Google Meet is Neat

Video-conference-5167472_1920 from PixbayWe use several applications for virtual meetings within our organization but sometimes they are in use at the same time and it’s nice to have an option that I can rely on if I want to have an impromptu meeting. Most of us already have a Google account of some sort whether it’s Gmail, G-Suite, or YouTube and that’s all you need to use a free application for virtual meeting called Google Meet. If you’re familiar with other video conferencing applications then you will be able to easily pick up how to use Google Meet.

To start a Google Meet session;

• Log into your Google account.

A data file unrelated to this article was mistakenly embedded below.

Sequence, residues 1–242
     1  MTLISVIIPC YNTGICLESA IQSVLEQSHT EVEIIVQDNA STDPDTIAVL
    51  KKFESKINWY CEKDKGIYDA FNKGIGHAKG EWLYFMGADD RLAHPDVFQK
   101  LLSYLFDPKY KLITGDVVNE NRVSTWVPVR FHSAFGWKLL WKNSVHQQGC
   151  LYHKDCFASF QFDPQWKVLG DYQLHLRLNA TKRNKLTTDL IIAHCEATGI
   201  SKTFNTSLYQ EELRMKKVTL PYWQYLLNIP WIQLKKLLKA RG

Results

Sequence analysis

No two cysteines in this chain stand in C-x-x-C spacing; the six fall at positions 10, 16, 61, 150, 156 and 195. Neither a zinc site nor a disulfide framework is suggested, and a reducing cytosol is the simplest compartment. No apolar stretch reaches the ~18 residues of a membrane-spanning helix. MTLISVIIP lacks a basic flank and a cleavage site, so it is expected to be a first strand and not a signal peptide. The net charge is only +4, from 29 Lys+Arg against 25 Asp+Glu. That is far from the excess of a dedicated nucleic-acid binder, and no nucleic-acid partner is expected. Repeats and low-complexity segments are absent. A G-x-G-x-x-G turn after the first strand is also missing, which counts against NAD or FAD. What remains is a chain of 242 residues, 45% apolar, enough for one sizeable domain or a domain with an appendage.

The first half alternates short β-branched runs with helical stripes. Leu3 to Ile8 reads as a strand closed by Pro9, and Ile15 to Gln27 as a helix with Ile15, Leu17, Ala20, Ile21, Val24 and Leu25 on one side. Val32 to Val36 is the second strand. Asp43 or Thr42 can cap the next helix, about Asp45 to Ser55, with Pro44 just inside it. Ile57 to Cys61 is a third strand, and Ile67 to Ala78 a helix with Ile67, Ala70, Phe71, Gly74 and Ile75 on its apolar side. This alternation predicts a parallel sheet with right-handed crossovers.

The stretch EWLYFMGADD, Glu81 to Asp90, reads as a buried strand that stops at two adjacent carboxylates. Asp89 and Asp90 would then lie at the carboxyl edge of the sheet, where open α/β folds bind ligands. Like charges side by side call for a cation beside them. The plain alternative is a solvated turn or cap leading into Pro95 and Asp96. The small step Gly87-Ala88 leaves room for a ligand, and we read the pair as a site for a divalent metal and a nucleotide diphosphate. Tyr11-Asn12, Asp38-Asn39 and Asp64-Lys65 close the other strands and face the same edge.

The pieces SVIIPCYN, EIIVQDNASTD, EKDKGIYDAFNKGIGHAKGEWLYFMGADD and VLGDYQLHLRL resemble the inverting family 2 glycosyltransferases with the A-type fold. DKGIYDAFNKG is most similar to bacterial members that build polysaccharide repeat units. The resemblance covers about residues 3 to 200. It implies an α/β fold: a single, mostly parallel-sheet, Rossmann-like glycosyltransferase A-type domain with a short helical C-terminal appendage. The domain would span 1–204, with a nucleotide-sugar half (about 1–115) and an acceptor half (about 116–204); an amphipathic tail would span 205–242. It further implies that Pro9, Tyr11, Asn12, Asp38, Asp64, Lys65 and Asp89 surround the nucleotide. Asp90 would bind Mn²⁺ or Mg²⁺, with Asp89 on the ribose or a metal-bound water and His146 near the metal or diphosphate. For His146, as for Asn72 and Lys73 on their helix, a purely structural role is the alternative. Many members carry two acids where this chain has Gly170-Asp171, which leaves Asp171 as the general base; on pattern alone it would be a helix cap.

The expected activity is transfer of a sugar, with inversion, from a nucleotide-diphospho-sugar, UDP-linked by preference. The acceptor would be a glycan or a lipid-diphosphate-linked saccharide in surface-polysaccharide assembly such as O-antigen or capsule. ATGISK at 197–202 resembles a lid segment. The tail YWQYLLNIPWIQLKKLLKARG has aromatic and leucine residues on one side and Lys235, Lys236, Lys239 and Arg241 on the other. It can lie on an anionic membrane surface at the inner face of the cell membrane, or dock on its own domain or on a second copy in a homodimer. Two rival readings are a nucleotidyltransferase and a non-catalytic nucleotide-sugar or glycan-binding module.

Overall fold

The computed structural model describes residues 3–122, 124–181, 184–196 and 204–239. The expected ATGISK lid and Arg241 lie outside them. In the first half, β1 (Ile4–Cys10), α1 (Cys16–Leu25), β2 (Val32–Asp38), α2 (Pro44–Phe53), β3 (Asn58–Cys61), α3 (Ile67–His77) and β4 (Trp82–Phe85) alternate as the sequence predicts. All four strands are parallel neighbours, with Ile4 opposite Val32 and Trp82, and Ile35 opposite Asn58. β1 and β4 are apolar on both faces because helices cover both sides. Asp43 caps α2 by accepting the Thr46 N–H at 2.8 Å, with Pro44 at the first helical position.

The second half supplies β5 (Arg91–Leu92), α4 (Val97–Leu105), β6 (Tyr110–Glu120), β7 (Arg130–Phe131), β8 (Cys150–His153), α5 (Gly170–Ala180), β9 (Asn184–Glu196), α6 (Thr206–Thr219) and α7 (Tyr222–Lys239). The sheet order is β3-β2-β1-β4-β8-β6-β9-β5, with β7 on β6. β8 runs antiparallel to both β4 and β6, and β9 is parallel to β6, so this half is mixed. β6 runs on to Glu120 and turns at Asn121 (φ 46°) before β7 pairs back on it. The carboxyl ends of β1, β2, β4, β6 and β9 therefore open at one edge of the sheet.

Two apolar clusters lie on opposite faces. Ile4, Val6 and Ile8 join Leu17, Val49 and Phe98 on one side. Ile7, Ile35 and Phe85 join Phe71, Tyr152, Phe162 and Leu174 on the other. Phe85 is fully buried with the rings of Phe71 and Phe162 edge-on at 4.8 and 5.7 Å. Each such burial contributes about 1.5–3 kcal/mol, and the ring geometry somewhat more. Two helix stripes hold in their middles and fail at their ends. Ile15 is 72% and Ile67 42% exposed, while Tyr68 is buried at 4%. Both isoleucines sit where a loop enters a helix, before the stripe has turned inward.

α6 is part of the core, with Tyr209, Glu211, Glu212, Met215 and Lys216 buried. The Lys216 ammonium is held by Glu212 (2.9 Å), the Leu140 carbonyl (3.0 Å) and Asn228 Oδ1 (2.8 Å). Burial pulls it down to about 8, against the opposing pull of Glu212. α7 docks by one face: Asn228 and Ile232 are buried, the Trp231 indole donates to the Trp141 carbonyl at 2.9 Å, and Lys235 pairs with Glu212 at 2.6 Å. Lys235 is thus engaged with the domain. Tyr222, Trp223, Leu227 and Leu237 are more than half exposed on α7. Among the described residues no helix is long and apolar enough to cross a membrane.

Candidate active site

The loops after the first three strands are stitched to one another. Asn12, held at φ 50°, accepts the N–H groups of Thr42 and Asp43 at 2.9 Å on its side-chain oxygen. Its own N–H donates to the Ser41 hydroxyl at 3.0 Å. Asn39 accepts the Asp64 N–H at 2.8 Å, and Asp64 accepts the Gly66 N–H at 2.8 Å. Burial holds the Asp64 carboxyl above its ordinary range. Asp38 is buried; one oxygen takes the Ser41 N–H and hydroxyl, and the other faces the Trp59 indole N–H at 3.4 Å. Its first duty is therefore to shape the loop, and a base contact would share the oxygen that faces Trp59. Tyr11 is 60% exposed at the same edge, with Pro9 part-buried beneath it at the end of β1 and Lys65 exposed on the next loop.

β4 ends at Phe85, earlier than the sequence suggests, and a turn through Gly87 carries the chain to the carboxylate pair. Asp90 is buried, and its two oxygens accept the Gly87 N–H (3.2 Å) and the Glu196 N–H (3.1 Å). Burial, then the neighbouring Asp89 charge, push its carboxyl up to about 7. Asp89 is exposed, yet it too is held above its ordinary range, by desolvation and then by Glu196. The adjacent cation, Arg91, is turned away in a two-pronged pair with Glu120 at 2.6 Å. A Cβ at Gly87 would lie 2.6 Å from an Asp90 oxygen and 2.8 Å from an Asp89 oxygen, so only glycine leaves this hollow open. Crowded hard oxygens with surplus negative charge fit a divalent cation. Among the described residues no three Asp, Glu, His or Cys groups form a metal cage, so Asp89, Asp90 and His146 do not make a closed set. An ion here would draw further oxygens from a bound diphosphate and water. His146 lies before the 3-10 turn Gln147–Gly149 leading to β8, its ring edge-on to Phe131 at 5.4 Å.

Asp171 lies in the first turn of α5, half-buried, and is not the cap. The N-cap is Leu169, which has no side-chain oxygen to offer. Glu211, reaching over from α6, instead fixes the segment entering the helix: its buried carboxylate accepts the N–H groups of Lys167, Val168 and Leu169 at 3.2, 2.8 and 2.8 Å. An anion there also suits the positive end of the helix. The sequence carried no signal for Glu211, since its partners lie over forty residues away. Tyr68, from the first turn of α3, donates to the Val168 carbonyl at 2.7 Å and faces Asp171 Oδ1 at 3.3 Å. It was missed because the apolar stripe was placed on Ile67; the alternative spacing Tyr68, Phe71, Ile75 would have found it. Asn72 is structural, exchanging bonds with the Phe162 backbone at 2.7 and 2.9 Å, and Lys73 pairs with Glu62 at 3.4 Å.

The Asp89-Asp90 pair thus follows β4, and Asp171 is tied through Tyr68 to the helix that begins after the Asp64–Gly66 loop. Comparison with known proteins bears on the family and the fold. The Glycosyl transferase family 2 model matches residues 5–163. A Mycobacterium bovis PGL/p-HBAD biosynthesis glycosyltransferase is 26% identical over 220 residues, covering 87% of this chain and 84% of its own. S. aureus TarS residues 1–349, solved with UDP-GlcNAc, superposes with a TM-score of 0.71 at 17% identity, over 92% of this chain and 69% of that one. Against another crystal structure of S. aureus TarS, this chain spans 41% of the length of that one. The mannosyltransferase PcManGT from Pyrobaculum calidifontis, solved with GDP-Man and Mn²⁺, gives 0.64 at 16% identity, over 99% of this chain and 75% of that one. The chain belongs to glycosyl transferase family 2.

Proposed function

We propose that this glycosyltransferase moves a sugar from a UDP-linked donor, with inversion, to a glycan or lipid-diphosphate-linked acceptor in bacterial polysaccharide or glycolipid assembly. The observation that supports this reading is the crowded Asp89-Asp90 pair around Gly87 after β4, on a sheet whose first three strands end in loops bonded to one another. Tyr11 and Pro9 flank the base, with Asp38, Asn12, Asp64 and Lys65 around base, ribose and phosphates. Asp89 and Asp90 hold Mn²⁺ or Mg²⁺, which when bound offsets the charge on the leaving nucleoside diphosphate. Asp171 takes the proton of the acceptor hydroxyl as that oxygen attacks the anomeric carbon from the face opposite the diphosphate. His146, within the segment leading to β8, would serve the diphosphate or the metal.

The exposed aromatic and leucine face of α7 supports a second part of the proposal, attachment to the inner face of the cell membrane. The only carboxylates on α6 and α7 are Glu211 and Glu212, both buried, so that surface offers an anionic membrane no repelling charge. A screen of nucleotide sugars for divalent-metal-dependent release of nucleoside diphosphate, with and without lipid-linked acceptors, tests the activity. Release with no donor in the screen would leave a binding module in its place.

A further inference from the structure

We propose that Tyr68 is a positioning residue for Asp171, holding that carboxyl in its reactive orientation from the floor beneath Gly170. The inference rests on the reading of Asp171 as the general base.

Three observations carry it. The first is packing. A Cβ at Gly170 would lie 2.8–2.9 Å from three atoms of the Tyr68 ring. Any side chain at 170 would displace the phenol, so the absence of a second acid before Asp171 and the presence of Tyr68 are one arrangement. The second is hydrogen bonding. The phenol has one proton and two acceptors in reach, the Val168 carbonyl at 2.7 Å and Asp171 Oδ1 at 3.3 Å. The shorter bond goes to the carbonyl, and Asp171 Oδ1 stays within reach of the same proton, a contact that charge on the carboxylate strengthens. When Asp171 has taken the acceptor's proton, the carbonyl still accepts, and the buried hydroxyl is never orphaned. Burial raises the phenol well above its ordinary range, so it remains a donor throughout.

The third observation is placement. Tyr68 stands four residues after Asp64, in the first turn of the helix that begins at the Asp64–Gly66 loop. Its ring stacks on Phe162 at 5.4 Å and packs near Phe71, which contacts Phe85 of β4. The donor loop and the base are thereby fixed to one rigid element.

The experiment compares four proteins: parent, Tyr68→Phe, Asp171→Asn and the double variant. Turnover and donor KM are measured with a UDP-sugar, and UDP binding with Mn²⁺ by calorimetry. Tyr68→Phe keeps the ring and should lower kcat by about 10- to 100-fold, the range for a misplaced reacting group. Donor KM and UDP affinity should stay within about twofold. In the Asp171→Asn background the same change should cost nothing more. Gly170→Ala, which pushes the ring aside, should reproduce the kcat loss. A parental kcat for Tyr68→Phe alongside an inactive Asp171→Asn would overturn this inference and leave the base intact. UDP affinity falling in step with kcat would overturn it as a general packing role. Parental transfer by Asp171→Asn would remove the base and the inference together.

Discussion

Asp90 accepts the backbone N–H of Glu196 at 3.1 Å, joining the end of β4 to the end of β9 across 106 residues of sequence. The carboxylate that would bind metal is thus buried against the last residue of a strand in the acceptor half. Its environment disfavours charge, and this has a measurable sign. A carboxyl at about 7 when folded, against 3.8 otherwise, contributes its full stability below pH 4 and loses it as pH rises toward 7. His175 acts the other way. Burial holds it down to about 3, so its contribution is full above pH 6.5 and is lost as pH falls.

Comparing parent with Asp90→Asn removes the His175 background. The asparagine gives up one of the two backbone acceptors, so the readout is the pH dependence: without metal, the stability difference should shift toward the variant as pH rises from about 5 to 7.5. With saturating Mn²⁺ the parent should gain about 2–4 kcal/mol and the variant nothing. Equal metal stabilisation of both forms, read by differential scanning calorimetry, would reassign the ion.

• Locate “Google Meet” and click on it
• Click “Join or Start Meeting”
• Enter a meeting name, click “Continue”
• Allow the mic and camera settings (if you so desire)
• Send an invite to whoever you would like to join your meeting. I usually miss that step and copy the link in the URL to send to attendees.

Google Meet can accommodate up to 100 people for up to an hour per meeting with unlimited meetings. If you would like more than that you can sign up for advanced options.


Image by Alexandra Koch from

Tech & Happiness Hacks

Many of you know that I admire Gretchen Rubin and have read many of her books and listen to her podcast. I've picked up many tips on how to make my life happier simply by listening and trying out some of her happiness hacks. On a recent podcast, Gretchen reminded listeners that September is the "other" January and to use the start of the new school year as a time to set new goals and try new things*.